Wednesday, August 5, 2015

What Is The Masi Legacy?

Few bike names evoke more passion than Masi. The Italian master Faliero Masi was one of the preferred builders of many great racers, including Eddy Merckx, Fausto Coppi, and Jacques Anquetil (regardless of whose name appeared on the bicycles themselves), and the name is loaded with that "mystique" that makes bike fanatics drool like Pavlov's dogs.
Yeah, the current Masi logo bears
the name "Milano," but has as much
connection to that Italian city as
those Pepperidge Farm cookies.

Though Faliero's son Alberto continued to build excellent bikes in Italy, the U.S. rights to the Masi name were sold to American investors when a Masi factory was built in Southern California in the early '70s. That California factory fostered many great names in American framebuilding, as well, including Mario Confente, Brian Baylis, and others. Established builders like Albert Eisentraut and Dave Moulton also spent some time building at the California Masi factory.

The Masi name has been revived in recent years, but really has little, if anything, to do with the brand's storied past. According to Wikipedia, the brand is now owned by Haro Bikes, which is best known for BMX.

I just learned that Masi has a "Legacy Project." So, what exactly is the legacy of this current incarnation of Masi? Is it a legacy of bikes built by an Italian artisan under the famous Vigorelli velodrome? Or the legacy of the California factory turning out tidy American-built frames with an Italian accent through the '70s and '80s? Or is it the legacy that prevents Alberto Masi from selling bikes with his own name on them?

Looking at the company's current website, one can find lots of popped-out-of-a-mold-somewhere-in-Asia carbon fiber frames, and one "Speciale Series" lugged steel bike that is probably built in Taiwan, but looks decent from a classics-appreciating standpoint.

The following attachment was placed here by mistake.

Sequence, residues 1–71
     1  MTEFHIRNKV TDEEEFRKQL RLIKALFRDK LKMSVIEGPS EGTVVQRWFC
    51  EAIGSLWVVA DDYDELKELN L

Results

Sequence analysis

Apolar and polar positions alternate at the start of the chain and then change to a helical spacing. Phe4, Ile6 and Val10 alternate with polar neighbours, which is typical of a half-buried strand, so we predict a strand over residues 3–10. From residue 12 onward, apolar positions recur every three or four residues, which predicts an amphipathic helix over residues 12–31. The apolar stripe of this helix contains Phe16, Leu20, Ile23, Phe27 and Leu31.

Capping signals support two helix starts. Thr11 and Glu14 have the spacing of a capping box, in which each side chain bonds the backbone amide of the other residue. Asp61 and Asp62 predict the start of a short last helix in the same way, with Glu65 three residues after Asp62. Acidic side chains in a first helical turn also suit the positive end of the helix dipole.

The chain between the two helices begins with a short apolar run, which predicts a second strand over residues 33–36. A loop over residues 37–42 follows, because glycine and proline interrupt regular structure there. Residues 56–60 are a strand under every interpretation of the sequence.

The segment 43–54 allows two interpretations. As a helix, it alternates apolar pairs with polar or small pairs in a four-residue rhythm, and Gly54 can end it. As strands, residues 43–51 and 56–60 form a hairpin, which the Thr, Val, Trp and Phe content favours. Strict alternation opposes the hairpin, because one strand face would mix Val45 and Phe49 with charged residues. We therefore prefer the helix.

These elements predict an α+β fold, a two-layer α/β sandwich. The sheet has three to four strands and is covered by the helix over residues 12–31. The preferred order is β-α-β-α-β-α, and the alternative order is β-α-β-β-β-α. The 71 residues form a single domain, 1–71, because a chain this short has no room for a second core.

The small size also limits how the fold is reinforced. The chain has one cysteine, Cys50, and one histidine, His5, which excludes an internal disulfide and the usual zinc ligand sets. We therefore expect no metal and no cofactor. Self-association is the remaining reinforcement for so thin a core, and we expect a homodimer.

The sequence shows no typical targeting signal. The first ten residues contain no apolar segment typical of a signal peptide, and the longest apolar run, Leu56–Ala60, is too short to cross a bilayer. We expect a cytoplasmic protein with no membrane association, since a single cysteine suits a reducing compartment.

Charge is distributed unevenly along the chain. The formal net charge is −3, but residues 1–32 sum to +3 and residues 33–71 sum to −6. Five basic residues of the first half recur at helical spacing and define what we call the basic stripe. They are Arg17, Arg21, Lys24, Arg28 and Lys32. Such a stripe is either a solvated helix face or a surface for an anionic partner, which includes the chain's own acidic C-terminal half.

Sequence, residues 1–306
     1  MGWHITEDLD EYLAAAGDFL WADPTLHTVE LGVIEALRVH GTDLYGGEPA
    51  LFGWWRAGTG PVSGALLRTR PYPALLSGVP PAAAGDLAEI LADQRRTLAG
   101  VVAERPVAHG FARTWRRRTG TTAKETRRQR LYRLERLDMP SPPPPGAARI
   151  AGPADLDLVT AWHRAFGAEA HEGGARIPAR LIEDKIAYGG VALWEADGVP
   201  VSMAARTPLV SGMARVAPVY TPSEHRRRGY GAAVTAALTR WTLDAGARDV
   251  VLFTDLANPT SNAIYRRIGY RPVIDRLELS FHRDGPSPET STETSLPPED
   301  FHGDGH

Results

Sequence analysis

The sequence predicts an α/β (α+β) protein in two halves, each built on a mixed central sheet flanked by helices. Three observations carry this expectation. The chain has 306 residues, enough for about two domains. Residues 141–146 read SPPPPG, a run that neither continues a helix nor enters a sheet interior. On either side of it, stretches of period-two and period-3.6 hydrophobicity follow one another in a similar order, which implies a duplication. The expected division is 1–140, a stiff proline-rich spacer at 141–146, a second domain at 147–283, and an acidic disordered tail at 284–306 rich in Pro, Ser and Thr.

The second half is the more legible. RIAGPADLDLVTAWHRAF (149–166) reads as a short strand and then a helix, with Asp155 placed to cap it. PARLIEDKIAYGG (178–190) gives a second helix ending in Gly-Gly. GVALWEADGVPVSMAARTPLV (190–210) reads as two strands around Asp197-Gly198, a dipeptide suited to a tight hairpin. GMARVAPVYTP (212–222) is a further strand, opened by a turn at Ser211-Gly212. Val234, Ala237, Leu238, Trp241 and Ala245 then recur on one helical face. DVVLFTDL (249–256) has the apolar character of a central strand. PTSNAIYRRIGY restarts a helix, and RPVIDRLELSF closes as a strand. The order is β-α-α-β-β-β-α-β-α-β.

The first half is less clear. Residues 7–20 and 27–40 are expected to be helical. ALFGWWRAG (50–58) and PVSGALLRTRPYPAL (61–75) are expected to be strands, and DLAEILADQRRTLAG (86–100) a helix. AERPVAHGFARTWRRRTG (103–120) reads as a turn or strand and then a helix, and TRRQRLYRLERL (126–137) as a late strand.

But what about that Legacy Project? Two limited-edition frames are being offered - in road and cyclocross versions -- dubbed the USA Gran Criterium and the Cross Campaigner respectively. Being built in the U.S. might mean that the legacy they are trying to invoke is that of the California factory. The fact that they are being painted by Jim Allen, who got his start at the California Masi factory, would seem to bear that out. Or maybe it has something to do with the fact that the bikes are built from steel?

Then again, steel or not, looking at the bikes, I don't see anything that says "Legacy."

Comically oversized tubing, with a MASSIVE head tube. Welded construction. Bloated carbon fiber fork. And the cyclocross version has thru-axles and disc brakes. Who are they trying to appeal to? Is it the racers and racer wannabes? The original Gran Criterium was about as good as top-level race bikes got in their era. But riders looking for a narrowly focused, top-level race bike today aren't likely to be buying steel. And riders after that Masi "legacy" may not appreciate those design and build details that make the bike look like a ferrous version of a carbon-fiber bike.

I've got no problem with made-in-America steel bikes for the go-fast crowd -- but calling it a "Legacy" just leaves me with lots of questions.

1 comment:

  1. The authentic Masi bikes built by Alberto Masi are called Milano when imported into the United States. All other modern Masi's are just a name...nothing more.